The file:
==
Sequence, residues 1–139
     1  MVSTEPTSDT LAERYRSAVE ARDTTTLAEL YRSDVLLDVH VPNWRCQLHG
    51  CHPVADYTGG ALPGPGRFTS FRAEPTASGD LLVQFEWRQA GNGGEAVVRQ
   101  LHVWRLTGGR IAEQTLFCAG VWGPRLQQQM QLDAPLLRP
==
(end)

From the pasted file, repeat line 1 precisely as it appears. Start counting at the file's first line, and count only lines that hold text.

Sequence, residues 1–139